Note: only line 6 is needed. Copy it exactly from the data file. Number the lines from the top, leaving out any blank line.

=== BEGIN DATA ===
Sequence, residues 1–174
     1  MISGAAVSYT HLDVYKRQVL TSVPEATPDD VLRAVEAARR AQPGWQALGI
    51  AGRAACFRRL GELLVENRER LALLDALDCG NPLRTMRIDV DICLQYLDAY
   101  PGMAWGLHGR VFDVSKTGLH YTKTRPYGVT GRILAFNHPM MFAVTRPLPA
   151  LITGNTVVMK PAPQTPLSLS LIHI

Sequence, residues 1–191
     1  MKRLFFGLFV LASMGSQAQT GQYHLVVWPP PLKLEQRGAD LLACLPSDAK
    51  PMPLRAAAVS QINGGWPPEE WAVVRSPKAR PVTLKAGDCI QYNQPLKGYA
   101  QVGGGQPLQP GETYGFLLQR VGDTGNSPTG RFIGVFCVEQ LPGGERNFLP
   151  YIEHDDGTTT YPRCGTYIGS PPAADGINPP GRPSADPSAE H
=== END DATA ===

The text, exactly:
Sequence, residues 1–191